Bryce plays Lacie, a hard working, cheerful young woman who lives in a world where society ranks everyone based on a social media app. People have an implant that allows them to look at anyone and see their ranking number next to their head and they can add or delete stars on that person with their phone. Ultimately, every interaction you have with another human is a chance to move up or down in the world.

Lacie is a respectable 4.2 but she dreams of becoming a 4.5. You see, the higher your ranking, the more access you have to life’s perks – i.e. promotions, opportunities, open doors and so on. If she can be a 4.5, she can secure a loan needed to move into a luxury condo complex, one where she’d be able to go to fancy parties, meet trendy people, perhaps even meet a fantastic mate and better yet, she won’t have to be room mates with her dopey 3.7 brother anymore.

When Lacie is asked to be the maid of honor at her highly ranked childhood friend Naomi (Alice Eve), her reputation consultant (yes, people pay big money for advice on how to move up their rankings) advises this is her chance to send her numbers sky high. She immediately goes to work on her speech, hoping to dazzle the wedding party into throwing plenty of stars her way. Her brother reminds her that Naomi was a terrible friend but Lacie doesn’t care. She wants that damn condo and who can blame her. It does look like a fabulous condo.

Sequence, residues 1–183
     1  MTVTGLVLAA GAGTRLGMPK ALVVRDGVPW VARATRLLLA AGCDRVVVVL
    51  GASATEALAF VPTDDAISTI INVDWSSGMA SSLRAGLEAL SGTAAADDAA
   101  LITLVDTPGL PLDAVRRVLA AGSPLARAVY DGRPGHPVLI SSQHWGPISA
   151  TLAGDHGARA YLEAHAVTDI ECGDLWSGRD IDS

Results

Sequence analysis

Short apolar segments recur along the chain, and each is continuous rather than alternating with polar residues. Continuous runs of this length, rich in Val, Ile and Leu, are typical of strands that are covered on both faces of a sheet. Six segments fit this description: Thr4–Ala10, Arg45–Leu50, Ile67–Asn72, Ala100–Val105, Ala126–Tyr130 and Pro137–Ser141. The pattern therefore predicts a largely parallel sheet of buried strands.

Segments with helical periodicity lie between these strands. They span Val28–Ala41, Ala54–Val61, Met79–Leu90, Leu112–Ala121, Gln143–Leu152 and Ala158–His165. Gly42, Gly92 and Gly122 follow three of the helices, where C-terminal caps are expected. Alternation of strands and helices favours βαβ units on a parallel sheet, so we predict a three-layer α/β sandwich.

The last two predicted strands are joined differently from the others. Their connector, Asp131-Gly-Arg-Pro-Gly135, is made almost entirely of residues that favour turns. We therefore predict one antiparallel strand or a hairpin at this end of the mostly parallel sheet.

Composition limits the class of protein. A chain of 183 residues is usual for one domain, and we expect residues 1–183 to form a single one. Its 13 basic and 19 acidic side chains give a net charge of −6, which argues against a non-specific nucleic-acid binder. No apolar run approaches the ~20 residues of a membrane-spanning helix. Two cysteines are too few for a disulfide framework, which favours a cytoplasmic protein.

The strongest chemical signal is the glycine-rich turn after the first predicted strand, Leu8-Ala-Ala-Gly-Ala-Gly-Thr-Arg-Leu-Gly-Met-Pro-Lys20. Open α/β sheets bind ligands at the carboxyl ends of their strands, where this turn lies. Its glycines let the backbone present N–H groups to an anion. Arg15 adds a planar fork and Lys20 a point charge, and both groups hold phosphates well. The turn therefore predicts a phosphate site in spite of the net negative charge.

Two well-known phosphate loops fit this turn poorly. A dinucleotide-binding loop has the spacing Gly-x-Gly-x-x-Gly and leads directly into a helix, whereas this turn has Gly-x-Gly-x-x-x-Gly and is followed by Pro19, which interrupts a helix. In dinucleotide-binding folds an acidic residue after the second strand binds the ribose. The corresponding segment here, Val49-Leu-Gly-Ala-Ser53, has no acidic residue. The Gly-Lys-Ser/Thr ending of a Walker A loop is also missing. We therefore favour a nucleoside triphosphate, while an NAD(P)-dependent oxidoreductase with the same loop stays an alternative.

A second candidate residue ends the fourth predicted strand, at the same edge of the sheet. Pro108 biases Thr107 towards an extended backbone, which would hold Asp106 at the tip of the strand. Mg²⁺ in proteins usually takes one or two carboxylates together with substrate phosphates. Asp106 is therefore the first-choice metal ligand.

And so, Lacie sets out on what inevitably becomes the cross country trip from hell, one that makes “Planes, Trains and Automobiles” look like “Roman Holiday.”

When her flight is cancelled, she makes the mistake of shouting at the airline clerk, a move that causes the police to attach the ultimate punishment – no, not jailtime. She is put on “double damage” meaning for the next 24 hours, any rating she receives, good or bad, counts as half.

As she attempts to make the long drive, one mishap after another happens, causing her mood to worsen and of course, this leads to one star sapping encounter after another with multiple jerkwads with itchy rating fingers.

Worse, as her social rep plummets, she is afforded less opportunities and thus, her travel amenities become crappier and crappier. The great irony is that the less stars she gets, the less craps Lacie gives, and her ability to tell people to eff off becomes her superpower in a world where everyone is going out of their way to impress everyone.

You might laugh and think this is impossible, but aren’t we all ranked in a way by social media? Don’t we dream of building that idyllic life, the one we can snap photos of and rub in our friends’ faces online? Hell, in some businesses, the number of followers you have is a bankable commodity.